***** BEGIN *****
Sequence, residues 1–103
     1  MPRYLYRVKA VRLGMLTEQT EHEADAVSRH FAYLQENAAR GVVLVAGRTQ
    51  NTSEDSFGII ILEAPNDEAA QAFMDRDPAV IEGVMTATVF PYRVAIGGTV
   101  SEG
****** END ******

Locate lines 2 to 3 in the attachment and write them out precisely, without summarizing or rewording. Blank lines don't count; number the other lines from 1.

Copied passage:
     1  MPRYLYRVKA VRLGMLTEQT EHEADAVSRH FAYLQENAAR GVVLVAGRTQ
    51  NTSEDSFGII ILEAPNDEAA QAFMDRDPAV IEGVMTATVF PYRVAIGGTV